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Collapse Issue 471 - 10 Jun 2019Issue 471 - 10 Jun 2019
Collapse  NEWS NEWS
Fuel tanks to be replaced to remediate contamination
Council is 'more bureaucratic and less attentive'
Concrete burrows installed for penguin colony
Village resident celebrates 100th birthday
Tesch to continue to campaign for palliative care
Hamper donated to celebrate birthday
Community halls 'not commercial entities'
Peta Colebatch steps down after eight years
Three receive Queens Birthday honours
Small buses not suitable for Phegans Bay, residents told
Marquart attends fewest briefings of ward councillors
Application to construct new warehouse
Submissions to close on proposal next to St Luke's
'No tender' for Correa Bay boat ramp
Two local councillors claim no expenses
Water rates to drop from July
Collapse   NEWS NEWS
Councillors give themselves a pay rise
Collapse  NEWS NEWS
Sea Shepherd to clean Umina Beach
Chamber president welcomes Farnell Rd approval
Geoff Melville steps back from a lifetime of service
Rotary club hears about youth cottage
Bill would prohibit Woy Woy cash loan machine
Residents with stormwater issues invited to tell council
Italian theme day
Special lunch for volunteers at restaurant
Trainee named as finalist
Papua New Guinea lunch at CWA
Have efficiency and economies occurred?
Could some councillors up their work rate?
Living next to a weekend party house
Loud minority of older people take selfish attitude
Democratic representatives or government tools?
Decline in non-compliance is deemed to be acceptable
Defibrillators for Wagstaffe and Killcare
Memory walk for dementia body
Fundraising barbecue
Physiotherapist is outstanding employee finalist
Collapse  ARTS ARTS
Winners of music scholarship announced
Folk club puts on two events
Bays art show is planned for July
Colouring competition for aged care residents
Artist launches art classes for adults
Pretty Beach principal retires
Pacific island group at risk of collapse
Breakfast club to be extended
Three teams in cheer and dance finals
Arts students camp at Cockatoo Island
School reviews both winter and summer uniforms
First debates in debating challenge
Uniform shop seeks donations
Support unit students enjoy arboretum
New lambs at Umina campus
Rotary Club hears about mentoring program
Grant to install bush tucker garden and dreaming trail
Ettalong students take part in simultaneous storytime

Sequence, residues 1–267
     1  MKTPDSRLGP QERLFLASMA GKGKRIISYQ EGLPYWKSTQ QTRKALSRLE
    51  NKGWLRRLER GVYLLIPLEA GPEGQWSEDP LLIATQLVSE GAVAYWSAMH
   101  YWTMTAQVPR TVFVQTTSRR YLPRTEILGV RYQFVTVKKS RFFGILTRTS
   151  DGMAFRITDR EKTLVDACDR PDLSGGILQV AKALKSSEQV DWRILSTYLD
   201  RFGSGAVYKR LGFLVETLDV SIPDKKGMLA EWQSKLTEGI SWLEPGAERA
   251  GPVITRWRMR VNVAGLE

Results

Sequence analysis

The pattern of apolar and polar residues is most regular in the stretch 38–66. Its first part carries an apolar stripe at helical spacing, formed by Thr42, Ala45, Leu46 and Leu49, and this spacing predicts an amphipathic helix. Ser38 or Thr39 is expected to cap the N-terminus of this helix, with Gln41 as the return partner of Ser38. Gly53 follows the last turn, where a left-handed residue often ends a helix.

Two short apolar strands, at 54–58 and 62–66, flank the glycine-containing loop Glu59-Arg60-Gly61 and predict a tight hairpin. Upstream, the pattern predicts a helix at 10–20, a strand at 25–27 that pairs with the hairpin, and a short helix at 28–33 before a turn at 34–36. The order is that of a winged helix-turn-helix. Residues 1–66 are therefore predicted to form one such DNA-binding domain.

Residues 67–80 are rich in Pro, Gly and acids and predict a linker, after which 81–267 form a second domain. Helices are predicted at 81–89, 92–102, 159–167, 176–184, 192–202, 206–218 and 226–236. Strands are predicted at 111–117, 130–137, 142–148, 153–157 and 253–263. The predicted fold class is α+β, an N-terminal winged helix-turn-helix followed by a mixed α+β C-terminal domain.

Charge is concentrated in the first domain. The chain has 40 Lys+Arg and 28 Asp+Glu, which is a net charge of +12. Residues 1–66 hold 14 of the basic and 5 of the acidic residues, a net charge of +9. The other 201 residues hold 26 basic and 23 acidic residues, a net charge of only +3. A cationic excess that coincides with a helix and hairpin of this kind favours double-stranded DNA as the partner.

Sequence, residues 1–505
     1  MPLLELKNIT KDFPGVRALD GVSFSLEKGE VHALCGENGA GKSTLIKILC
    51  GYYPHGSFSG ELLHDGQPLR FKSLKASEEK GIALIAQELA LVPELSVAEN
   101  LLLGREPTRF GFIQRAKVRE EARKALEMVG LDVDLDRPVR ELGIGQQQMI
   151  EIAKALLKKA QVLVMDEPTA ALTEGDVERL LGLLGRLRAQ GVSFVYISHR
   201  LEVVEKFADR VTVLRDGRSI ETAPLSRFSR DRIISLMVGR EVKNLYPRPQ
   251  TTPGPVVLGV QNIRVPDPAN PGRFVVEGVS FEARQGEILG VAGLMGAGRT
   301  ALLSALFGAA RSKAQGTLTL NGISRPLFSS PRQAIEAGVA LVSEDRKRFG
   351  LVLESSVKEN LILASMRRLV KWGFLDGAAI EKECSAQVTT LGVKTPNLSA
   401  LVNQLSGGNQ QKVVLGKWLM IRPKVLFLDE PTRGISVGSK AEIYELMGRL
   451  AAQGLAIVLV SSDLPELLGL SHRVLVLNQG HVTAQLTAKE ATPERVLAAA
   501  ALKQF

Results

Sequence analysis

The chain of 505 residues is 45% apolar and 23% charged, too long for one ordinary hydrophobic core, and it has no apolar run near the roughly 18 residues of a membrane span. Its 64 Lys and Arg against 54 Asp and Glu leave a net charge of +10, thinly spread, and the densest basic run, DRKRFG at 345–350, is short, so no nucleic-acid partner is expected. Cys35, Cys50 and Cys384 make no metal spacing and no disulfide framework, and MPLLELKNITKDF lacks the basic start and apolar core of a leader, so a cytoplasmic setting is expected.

Year 2 students visit zoo
Under-15s captain celebrates 150 games
Southern and Ettalong loses top spot on women's ladder
Woy Woy defeated by Hornsby in rugby union
Gold medal in vision-impaired games
Selected for junior squad
Soccer camp to be held in Woy Woy
Celebrating 50 years of Buckworth Shield
Basketball returns
Volunteers honoured

Rotary Club hears about mentoring program

The Rotary Club of Woy Woy has heard a talk about the Central Coast Secondary Schools Mentoring Program, which is currently recruiting volunteer mentors on the Peninsula.

Mr Richard Kennedy spoke to the club about his work as a mentor and how the program was impacting local high school students.

"Richard commenced his presentation by stating that the role of the mentor was to pass on life skills to the mentee.

"By sharing life experiences, skills and knowledge, the mentor helps a young person achieve their goals and plan for their future pathways.

"He liked the definition of a mentor as 'a wise and trusted friend, such as grandfather or grandmother', someone they can talk to on a confidential basis where they cannot talk to a parent or teacher," said club publicity officer Mr Vic Deeble.

Mr Kennedy also explained how the first duty of a mentor was ensuring their mentee completes their Higher School Certificate.

The program has been running for 20 years and has gone by many names during its lifespan.

The volunteer mentors are trained on a two-day course and then on a continuing basis.

"Applying for jobs today is quite different to what it was in the past.

"The applicant can be interviewed on their own phone using an audio-visual link.

"The education system has also dramatically changed over the years," said Mr Kennedy

"Mentees often have a very narrow appreciation of what is available to them.

"Some come from families where few members of the family have ever had a job.

"Mentors can have a large influence on the life of the person being mentored.

"Confidence can be dramatically improved as their range of experiences are extended.

"Developing communication skills is an important part of the process.

"The mentor is not required to find them a job," he said.

All the mentoring is done in the schools, one on one, with a teacher present.

All mentors must have a Working with Children check.

"It is a very rewarding activity for both the mentor and the mentee," Mr Kennedy said.

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